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The role of Debian in presenting defaults (was: default messaging/VoIP client for Debian 8/Jessie)

Thomas Goirand <zigo@debian.org> writes:

> On 03/30/2014 06:55 PM, Matthias Urlichs wrote:
> > Thomas Goirand:
> >> P.S: […] I find the concept of default app bad in itself, and I
> >> think users should be given the choice, and it isn't the role of a
> >> distribution to choose for its users.
> >
> > Most new users don't know enough to choose.
> Excuse me to say it this way, but ... NO!
> I've read this too many times. You have absolutely no evidence of
> that.

He doesn't need evidence for the null hypothesis. Most *people* new to
any field have not enough information to choose. So it's the default
assumption to say that most newcomers to a field do not have enough
information in that field to choose.

If you're saying that's false in the specific case of application
software, what evidence do you have for that assertion?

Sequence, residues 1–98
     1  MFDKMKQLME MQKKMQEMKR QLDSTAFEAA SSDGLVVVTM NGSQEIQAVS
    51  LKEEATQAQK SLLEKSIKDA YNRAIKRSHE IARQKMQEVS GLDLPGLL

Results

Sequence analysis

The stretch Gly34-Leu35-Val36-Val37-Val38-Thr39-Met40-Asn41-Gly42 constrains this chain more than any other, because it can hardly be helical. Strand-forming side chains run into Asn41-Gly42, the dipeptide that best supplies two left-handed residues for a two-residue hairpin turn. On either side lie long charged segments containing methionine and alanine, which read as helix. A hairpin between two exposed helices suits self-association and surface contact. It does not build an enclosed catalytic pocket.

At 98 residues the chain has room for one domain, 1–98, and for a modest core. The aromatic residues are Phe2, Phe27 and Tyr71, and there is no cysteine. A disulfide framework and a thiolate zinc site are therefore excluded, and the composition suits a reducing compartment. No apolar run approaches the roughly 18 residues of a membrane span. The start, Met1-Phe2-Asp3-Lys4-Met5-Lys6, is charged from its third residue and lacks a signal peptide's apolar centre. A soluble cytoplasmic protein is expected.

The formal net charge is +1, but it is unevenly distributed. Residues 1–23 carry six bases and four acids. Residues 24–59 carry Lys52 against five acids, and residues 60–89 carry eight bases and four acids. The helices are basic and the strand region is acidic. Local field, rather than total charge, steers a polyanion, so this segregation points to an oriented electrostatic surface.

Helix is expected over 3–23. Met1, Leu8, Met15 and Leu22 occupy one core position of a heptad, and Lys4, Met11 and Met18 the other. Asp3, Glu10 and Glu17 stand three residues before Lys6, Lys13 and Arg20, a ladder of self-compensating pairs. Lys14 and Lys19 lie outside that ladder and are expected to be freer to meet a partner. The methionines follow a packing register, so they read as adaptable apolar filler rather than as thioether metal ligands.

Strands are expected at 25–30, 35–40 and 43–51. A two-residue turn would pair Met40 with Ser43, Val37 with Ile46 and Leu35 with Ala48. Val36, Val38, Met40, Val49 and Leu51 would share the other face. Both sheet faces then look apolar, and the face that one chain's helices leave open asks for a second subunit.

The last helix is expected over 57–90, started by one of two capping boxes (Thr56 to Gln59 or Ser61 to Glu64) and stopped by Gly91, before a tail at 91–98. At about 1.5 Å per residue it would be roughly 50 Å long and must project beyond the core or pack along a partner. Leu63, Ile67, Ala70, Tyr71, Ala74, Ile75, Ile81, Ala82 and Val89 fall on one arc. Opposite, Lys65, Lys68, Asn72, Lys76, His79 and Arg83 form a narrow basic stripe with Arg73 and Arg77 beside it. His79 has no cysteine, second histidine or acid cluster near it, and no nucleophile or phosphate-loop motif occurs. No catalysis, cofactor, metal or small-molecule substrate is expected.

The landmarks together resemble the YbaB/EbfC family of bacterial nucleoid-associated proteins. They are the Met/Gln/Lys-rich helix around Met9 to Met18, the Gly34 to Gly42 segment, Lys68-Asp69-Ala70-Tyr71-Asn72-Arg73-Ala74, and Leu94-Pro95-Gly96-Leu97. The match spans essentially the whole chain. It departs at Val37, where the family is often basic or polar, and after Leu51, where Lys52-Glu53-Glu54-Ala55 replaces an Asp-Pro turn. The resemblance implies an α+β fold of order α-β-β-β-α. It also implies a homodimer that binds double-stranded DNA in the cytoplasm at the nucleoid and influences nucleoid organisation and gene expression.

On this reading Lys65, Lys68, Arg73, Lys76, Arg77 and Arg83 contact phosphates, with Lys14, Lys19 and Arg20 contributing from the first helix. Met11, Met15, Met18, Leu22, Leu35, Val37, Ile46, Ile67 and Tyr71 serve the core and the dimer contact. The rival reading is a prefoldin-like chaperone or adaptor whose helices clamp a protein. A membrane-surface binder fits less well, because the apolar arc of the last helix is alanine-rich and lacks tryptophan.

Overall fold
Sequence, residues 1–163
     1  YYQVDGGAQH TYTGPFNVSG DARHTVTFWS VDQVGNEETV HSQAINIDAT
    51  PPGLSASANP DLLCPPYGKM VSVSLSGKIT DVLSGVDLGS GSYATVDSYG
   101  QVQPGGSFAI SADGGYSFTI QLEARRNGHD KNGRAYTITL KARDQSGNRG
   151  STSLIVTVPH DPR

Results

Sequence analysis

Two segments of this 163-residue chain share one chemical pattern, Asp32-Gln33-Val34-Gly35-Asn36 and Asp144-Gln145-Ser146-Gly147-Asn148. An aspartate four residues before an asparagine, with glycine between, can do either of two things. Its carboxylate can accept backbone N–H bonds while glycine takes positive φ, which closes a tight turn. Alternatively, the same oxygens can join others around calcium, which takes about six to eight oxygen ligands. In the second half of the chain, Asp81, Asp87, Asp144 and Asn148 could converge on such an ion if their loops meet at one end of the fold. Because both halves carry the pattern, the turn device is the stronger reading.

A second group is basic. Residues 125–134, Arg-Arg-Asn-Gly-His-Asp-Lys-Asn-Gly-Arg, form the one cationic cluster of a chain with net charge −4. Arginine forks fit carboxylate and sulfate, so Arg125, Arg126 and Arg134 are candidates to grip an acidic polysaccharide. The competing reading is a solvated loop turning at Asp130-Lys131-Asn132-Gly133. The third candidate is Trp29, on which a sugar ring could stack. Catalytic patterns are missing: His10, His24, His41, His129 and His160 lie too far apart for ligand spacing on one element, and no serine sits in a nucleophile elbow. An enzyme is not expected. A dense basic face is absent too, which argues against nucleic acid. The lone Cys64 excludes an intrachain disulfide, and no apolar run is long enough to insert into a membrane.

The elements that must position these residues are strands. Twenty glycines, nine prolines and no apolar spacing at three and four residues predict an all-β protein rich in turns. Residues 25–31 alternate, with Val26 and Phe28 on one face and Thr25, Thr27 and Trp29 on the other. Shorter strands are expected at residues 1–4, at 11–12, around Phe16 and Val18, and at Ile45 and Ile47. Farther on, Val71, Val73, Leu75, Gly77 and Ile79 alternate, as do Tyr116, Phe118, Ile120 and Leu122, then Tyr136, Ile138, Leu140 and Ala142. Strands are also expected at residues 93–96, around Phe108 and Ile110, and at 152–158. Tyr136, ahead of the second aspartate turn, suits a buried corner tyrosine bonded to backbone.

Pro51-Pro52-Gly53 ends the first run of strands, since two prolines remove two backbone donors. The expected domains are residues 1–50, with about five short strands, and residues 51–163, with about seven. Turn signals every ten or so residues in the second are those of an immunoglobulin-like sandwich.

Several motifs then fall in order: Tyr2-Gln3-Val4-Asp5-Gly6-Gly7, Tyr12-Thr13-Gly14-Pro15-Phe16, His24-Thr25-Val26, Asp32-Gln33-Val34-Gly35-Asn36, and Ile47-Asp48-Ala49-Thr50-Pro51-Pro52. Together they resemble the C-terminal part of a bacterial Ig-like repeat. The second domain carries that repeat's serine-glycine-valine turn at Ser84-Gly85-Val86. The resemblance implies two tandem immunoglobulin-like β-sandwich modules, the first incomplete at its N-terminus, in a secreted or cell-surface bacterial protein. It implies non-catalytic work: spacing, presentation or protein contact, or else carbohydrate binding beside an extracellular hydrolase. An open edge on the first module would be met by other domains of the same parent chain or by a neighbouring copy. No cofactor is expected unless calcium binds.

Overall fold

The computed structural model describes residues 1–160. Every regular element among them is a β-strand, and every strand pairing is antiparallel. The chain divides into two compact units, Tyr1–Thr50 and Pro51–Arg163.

There is much observational evidence that presenting expert-selected
defaults *is* helpful for most recipients; this is the “default effect”
in psychology. The Wikipedia page has useful information and many links

Based on that body of evidence, it *is* the role of an OS vendor to
choose sensible defaults for the recipient. There's no good reason to
think Debian is an exception to this.

> My point above was only that I don't think it's a good idea to install
> so many stuff by default.

That's a different statement, which should be separated from discussions
of the role of the OS vendor in presenting defaults to the user.

 \       “Don't worry about what anybody else is going to do. The best |
  `\             way to predict the future is to invent it.” —Alan Kay |
_o__)                                                                  |
Ben Finney

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